Storytellers and the Stories they Tell…

I’ve come to find out, writing in itself, is nothing more than storytelling. A fairly straightforward concept I know, but that’s the reality of it. So the first prerequisite to be a writer is to simply be a storyteller. And at least that part I have down. I’ve been a storyteller for as long as I can remember, and not just the lying type of story telling. That doesn’t count.

My earliest memory of story telling goes back to maybe the third or fourth grade. For some reason the teacher gave me free time to do as I chose (only God knows what she was thinking) and I, being the studious young man that I was, decided that to write a story. A comic book actually. And I did. I wrote a captivating tale about a villain with a skull for a head and buzz saws for hands. (Yes, two buzz saw hands!)
I even animated it, I drew the characters inside little story boards within the margins of the yellow sheets of notebook paper than stapled them together along the edges. It was amazing, even if I do say so myself, but it wasn’t only me who said so. I showed my teacher and she was so… so… I don’t know what she was, I guess “impressed” is the best word to describe it. But she was so, whatever she was that she had me read my story to the entire class. I got to sit up in the front of the class, you know like it was story time and the class sat around me and I read my little story to them all.  I would look up between horribly formed sentences and terribly drawn doodles and see eyes wide with excitement and intrigue, waiting in eager anticipation to hear what happened next.
I remember distinctly at the end of the story the Villain or Anti-Hero being violently kicked out of a window and falling to his death, or perhaps not actual death, I can’t remember if I was already planning a sequel or not but you get the point. Skull Head-BuzzSaw Hands goes out the window and my story ends. And afterwards the little handmade comic book goes into the unknown void that was my little desk and was lost for the remainder of the school year. That is until, nearly the last week of school, when everyone is cleaning out there desk and cubbies in preparation for summer vacation, I pulled out this crumpled little yellow comic book, and in retrospect quite foolishly, announced to the class that it was up for grabs before I flung it carelessly into the center of the room. I suppose I was half expecting that no one would be interested in a homemade book and it would go into the trash with a thousand other un-submitted homework assignments, failed spelling test and everything else we would stuff into our desk in hopes of never seeing again. However much to my surprise, my classmates jumped on the crumpled little comic with so much fervor and enthusiasm that it was ripped into a prime number of little pieces and taken by multiple kids as a souvenir for them to remember the school year. Which means they probably forgot it even existed the moment the last bell rang or perhaps they didn’t but I know for a brief moment in the fourth grade I was a storyteller in its purest form. So I guess that’s the feeling I chase now every time I write, to simply tell a story I love and hope that someone else will love it too.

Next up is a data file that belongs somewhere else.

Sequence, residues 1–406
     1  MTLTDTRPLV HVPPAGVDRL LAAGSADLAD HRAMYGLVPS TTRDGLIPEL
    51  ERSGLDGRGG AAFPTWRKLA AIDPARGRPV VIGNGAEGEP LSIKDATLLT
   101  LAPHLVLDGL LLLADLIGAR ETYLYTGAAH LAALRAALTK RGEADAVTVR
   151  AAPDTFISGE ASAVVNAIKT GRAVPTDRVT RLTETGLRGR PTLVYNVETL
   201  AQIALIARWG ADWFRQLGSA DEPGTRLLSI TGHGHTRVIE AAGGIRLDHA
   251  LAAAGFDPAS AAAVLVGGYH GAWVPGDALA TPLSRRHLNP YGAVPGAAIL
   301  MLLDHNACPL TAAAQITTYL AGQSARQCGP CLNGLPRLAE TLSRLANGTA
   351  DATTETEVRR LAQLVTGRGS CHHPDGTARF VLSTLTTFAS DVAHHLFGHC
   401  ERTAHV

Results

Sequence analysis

Sometimes I wish I would have kept that little handmade comic book, but I’ve come to realize that’s what stories are for. Not necessarily for the storyteller, but for the tell-ee or the audience, or the reader or whatever the case may be. Once you tell your story, once you get your story out, it’s no longer solely yours alone, but it then belongs to everyone who loves it, and I think I like that.
Anyway.
Till next time,
Lefty
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